Stephen Colbert vs. the Hashtag Activists

Weigel
Reporting on Politics and Policy.
March 28 2014 9:37 AM

Stephen Colbert vs. the Hashtag Activists

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It's all fun and games until somebody gets hashtagged.

Photo by Nicholas Kamm/AFP/Getty Images

So: On Wednesday night Stephen Colbert made sport of Washington football team owner Dan Snyder and his plan to undercut criticism of the team name by founding an organization for the uplift of "original Americans." Colbert ran though all the reasons why this was funny, then called back to a skit from one of the show's first episodes, way back from the fall of 2005—a joke about the host being caught on a "live feed" playing a racist Asian stereotype (Ching Chong Ding Dong, from Guanduong), then not understanding why it was racist. Colbert would make amends with his new "Ching Chong Ding Dong Foundation for Sensitivity to Orientals or Whatever." He'd played versions of the game since then, dressing up in a sombrero for "Hispanic heritage month." It's one of the Colbert character's oldest gags—he "doesn't see color," so he can't ever be blamed if he accidentally does something horribly racist.

Most of a day later, the official Twitter account of The Colbert Report tweeted a short version of the joke: "I am willing to show #Asian community I care by introducing the Ching-Chong Ding-Dong Foundation for Sensitivity to Orientals or Whatever." Bad move. This attracted the ire of a 23-year-old freelance writer and hashtag activist named Suey Park, who gained prominence last year with the #NotYourAsianSidekick micromovement.

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For much of the night, Park made war on Comedy Central, and thousands copied the hashtag. The network had made a powerful hashtag enemy, as Park reminded it. This was her work. She started hashtags like Comedy Central started six-episode sketch shows. The Guardian had placed her in a list of the "top 30 young people in digital media," No. 12, right below "Kid President." Her Facebook fan page and Twitter account provided information on how to book her, because she "speaks on race/gender and social media" and is a "board member of Activist Milennials." For much of the night, her Twitter feed tracked 1) the progress of #CancelColbert, 2) tweets thanking her for the hashtag, and 3) tweets from racist idiots who were angry at her.

By the time she tweeted that, the right had caught on. Tweeting at Colbert was an unexpected opportunity for cultural revenge—the petard-hoisting of a liberal comedian whose schtick was saying outrageous things in the voice of a "right-winger." The prime mover was Michelle Malkin, the Asian-American conservative (and, it is inevitably said, author of In Defense of Internment) who names and shames the people who hurl slurs at her.

If you managed to avoid the Internet last night, you missed a crash course in hashtag activism. In a smart and comprehensive piece for The Nation, Michelle Goldberg told its history, and how starting a trending hashtag on Twitter (the case study was #SolidarityIsForWhiteWomen) allowed otherwise unknown activists to force discussions on their terms. Twitter is public, and individual blogs or magazines are public, but a tweet with the right hashtag can be forced into the visual spectrum of someone who might have otherwise never paid attention to an argument.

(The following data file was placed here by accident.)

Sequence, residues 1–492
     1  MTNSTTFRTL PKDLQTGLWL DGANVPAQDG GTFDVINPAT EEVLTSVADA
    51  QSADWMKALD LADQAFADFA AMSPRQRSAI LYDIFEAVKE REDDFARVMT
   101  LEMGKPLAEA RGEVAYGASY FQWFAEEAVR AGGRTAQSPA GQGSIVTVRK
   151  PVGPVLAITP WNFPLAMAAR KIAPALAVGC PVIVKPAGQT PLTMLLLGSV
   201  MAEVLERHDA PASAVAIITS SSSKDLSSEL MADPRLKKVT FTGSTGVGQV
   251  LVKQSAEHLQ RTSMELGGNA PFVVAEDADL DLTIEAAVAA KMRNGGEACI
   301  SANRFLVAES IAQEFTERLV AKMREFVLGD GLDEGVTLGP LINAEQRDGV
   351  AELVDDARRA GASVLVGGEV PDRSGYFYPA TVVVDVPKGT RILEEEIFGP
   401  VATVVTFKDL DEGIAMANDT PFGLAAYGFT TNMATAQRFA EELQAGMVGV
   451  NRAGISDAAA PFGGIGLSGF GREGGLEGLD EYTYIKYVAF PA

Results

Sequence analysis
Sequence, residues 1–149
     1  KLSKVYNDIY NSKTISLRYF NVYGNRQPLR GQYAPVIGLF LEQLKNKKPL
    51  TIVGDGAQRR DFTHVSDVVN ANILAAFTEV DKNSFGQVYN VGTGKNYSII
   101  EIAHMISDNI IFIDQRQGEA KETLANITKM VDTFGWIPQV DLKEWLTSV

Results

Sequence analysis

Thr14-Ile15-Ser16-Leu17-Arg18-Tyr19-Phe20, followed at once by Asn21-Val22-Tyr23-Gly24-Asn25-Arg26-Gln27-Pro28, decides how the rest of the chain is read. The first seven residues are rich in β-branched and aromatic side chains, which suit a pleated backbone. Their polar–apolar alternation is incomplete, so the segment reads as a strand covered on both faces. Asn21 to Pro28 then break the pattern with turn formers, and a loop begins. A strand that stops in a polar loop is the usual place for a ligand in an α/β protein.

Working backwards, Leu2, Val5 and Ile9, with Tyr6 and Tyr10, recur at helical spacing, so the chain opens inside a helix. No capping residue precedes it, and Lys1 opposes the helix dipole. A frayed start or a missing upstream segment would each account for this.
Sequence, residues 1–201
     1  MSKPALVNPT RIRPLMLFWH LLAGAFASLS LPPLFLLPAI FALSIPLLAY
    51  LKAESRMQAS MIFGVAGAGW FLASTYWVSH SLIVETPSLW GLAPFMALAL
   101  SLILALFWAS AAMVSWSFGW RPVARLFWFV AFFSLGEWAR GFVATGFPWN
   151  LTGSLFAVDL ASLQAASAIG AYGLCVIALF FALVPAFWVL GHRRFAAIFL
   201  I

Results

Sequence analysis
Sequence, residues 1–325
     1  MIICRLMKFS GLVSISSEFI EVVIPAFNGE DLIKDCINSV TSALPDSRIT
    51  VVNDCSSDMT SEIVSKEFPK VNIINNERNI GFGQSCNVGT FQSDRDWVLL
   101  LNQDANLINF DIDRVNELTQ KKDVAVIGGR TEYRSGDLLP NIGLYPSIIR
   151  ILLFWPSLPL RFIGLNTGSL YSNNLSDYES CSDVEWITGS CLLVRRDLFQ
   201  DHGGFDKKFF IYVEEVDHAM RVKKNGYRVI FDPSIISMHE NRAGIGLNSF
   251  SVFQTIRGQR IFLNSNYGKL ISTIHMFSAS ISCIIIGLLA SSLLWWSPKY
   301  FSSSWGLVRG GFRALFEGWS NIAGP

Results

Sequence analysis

The argument happens on the hashtag founder's terms. Comedy Central and Colbert fumbled to respond, with the network taking the blame for the out-of-context tweet but—because you have 140 characters on Twitter—never explaining that the joke was at Dan Snyder's expense. The weaponized hashtag also takes power from the people who are trying to mock it—Twitter doesn't discriminate between earnestness and parody. People making fun of the humorlessness and bad faith of the hashtag end up keeping it in the "trending" column.

I'm ignoring the basic question: Does hashtag activism work? Well, any time a public figure or group of people is blitzed and told not to say something offensive, no matter how prideful they are, the instinct is to never say that again. Colbert was far, far from the first person to mock Dan Snyder's cluelessness with faux racism. Slate wrote about one effort last year; the Onion has done a bunch of stories about ways Snyder planned to improve the team name (like adding a liquor bottle to the logo); the Ego Trip collective wrote about it in "the Big Book of Racism." (I remember fondly the logo for the "New York Diamond Merchants.") The intent, in every case, was to shame Snyder or the owners of other teams with names playing on Native American stereotypes. 

That's not acceptable to the hashtag activists. As they explained in 140-character bursts, when a white comedian like Colbert joked about racism by playing a racist, he was still telling his audience to laugh at a racist joke. Anyone who disputed this was trying to "whitesplain" satire—an argument that can never be debunked. You can laugh at being told to "check your privilege," but hearing that plants an idea that you can't shake. (This is not necessarily a bad thing, even though this particular hashtag was born midair above a shark.) And if it brings fame and clout to activists who have not really done anything to win your attention previously, that's a sweet fringe benefit.

David Weigel is a reporter for Bloomberg Politics

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